The Bureau of Land Management issued a notice of intent to impound a mule that is now living in the Mill Creek area.
The BLM first observed the mule on public lands late last fall, but based on citizens’ reports, the mule may have been there since summer.
“Callers expressed concern for the mule’s health and the potential resource impacts by its presence in the canyon,” according to a BLM press release.
The mule is in Mill Creek Canyon, primarily the north fork of Mill Creek and includes lands contained in the Mill Creek and Between the Creeks allotments.
“These allotments are closed to livestock grazing in order to protect sensitive resources in the area,” according to the press release.
The BLM began attempts to contact the mule’s owner, Nik Hougen, in November 2013.
Hougen wrote a letter to editor of The Times-Independent in December addressed to the Humane Society of Moab Valley.
“There is nothing criminal in letter an old mule die a dignified, natural death in his own backyard,” wrote Hougen. “I also want everyone to know that I am taking good care of Ol’ Blackie. He was my hard-working buddy.”
Hougen went on to state that on Blackie’s home range, he “would starve to death.”
“Where he is right now is the best place for him,” Hougen wrote.
The mule is reportedly 20 years old or more. It is dark brown and its brand may not be visible due to winter coat and age.
Upon confirming the mule’s location on public lands, the BLM has worked closely with the Grand County Sheriff’s Department to remedy the matter through the BLM’s administratively required process.
“The Grand County Sheriff’s Office has been very helpful and I’m grateful for their support and assistance in dealing with this matter,” BLM Moab field manager Beth Ransel said. “I am also very appreciative of the citizens that have called to express concerns for the mule. The information they have provided has been very useful during this process.”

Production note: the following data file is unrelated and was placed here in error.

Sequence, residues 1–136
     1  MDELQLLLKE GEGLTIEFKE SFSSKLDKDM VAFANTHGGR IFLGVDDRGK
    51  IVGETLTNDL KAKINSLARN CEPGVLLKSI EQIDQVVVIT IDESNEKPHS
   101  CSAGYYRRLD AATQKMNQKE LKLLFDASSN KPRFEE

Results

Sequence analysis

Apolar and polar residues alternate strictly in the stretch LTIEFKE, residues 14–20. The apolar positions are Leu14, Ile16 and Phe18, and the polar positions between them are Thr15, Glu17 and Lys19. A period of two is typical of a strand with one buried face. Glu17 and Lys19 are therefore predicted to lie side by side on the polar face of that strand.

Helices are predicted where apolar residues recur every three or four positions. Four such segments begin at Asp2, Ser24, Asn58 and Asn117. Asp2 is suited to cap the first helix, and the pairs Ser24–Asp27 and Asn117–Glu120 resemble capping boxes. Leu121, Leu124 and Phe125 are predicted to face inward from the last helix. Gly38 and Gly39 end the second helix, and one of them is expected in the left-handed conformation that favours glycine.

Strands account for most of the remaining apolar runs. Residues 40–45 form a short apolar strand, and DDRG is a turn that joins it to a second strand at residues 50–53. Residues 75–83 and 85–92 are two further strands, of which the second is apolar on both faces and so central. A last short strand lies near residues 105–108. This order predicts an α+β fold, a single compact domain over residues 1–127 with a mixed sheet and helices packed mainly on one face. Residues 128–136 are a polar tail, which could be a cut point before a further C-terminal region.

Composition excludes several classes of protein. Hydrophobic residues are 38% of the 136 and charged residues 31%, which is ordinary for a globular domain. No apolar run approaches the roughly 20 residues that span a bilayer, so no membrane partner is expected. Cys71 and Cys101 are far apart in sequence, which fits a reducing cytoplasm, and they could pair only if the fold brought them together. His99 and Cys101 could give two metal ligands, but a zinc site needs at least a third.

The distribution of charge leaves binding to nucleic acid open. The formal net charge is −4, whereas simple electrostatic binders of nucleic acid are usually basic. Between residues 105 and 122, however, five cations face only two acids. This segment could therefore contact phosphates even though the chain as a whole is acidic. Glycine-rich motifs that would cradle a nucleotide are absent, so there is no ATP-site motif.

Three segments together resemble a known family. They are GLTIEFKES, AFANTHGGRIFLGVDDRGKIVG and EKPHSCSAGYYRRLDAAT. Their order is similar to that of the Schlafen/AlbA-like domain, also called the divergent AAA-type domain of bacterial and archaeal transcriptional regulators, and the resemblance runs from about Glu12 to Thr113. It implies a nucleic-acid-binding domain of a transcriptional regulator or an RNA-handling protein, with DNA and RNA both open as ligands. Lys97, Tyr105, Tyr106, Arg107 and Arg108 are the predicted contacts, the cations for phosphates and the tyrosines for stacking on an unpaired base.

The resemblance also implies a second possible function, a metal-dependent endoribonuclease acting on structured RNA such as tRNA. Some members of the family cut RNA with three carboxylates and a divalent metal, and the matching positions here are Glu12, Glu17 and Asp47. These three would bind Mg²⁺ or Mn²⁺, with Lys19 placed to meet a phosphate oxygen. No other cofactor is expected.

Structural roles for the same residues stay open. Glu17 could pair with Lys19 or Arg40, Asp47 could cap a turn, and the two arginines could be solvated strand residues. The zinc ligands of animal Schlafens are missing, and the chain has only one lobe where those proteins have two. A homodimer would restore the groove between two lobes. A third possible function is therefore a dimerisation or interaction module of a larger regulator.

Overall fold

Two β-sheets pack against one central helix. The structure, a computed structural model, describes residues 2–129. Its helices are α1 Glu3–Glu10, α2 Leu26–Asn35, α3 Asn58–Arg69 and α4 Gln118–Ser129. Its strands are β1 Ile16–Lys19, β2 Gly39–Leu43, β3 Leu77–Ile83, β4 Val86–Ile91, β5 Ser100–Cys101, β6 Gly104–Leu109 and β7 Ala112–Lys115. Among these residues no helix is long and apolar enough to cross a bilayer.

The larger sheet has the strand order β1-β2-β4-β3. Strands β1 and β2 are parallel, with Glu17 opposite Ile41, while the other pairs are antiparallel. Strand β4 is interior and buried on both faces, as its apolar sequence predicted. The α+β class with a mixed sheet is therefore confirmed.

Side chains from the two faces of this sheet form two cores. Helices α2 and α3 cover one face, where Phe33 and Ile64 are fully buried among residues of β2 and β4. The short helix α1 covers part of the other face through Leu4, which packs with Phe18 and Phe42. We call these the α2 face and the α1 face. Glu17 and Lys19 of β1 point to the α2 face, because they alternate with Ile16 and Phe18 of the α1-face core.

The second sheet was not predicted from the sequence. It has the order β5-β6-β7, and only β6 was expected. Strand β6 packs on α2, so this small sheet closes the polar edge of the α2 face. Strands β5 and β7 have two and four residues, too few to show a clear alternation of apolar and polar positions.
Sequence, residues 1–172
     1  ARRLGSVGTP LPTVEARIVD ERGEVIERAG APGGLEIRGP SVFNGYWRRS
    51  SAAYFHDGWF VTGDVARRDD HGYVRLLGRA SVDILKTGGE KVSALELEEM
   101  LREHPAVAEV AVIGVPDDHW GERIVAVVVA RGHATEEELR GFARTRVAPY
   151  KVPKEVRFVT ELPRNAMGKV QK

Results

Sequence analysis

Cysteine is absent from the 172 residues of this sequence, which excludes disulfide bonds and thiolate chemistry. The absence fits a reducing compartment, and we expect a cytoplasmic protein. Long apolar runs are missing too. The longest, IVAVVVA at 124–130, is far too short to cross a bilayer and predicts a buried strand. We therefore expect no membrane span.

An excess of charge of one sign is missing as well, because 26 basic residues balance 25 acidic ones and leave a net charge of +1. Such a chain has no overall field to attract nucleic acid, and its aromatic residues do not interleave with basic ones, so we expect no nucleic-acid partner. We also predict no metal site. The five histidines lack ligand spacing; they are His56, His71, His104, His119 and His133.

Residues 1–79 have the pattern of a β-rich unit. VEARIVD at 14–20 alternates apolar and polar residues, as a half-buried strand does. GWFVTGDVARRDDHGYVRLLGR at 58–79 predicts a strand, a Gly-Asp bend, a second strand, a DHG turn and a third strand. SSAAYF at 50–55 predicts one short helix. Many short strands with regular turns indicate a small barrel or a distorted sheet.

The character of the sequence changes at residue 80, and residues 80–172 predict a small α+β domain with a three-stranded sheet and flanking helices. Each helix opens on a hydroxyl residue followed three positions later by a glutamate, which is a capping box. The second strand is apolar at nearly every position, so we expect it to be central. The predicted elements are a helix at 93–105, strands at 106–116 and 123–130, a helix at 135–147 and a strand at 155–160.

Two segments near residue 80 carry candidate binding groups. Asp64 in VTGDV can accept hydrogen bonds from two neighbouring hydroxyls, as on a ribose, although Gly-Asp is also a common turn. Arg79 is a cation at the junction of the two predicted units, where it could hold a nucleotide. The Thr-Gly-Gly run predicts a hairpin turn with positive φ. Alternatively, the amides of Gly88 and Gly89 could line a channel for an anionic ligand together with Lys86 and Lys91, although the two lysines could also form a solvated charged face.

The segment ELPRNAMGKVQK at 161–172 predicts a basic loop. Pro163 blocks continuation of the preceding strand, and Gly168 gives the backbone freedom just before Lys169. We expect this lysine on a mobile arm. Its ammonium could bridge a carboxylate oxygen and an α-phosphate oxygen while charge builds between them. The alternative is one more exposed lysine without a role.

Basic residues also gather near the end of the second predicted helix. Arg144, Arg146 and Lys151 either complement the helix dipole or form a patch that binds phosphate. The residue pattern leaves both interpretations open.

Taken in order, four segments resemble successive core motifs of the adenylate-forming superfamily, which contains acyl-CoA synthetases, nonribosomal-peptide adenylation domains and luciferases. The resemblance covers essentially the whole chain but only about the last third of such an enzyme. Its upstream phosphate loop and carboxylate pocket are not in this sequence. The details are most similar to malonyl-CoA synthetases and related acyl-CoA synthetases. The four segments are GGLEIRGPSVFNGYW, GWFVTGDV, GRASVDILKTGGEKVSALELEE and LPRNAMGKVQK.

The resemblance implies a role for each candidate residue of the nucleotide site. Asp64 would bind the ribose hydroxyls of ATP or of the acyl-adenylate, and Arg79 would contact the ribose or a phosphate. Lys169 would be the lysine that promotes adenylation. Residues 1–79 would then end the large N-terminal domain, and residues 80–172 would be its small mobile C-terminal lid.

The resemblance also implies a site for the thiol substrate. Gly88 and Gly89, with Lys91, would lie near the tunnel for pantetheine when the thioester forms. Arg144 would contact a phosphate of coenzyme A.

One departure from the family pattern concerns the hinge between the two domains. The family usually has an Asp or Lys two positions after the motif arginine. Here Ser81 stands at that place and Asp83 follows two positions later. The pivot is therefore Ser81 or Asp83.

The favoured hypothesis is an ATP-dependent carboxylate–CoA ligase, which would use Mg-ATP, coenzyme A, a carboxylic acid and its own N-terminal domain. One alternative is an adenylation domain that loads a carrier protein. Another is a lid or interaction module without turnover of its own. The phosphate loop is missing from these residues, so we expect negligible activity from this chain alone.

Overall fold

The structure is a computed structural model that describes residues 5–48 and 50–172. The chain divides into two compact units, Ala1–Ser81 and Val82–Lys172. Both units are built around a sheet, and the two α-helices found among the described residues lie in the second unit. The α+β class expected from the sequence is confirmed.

Daryl Meacham, a deputy in the sheriff’s office, said that he and other deputies saw the mule in January.
“The mule appeared to be in good health,” Meacham said. “There’s a lot of feed in there.”
Meacham and the other deputies chose not to bring the mule out of the canyon because of unsafe icy conditions that could have been dangerous to both the animal and rescuers. They took a photo of the mule and shared it with veterinarian Len Sorensen, who said the animal appeared to be in good health.
“He agreed that it didn’t look like it was starving,” Meacham said.
Grand County Sheriff Steve White said that as the warm weather melts the ice, his staff will try to retrieve the animal again.
Sheriff’s deputies report it is in good health
“Callers expressed concern for the mule’s health and the potential resource impacts by its presence in the canyon.”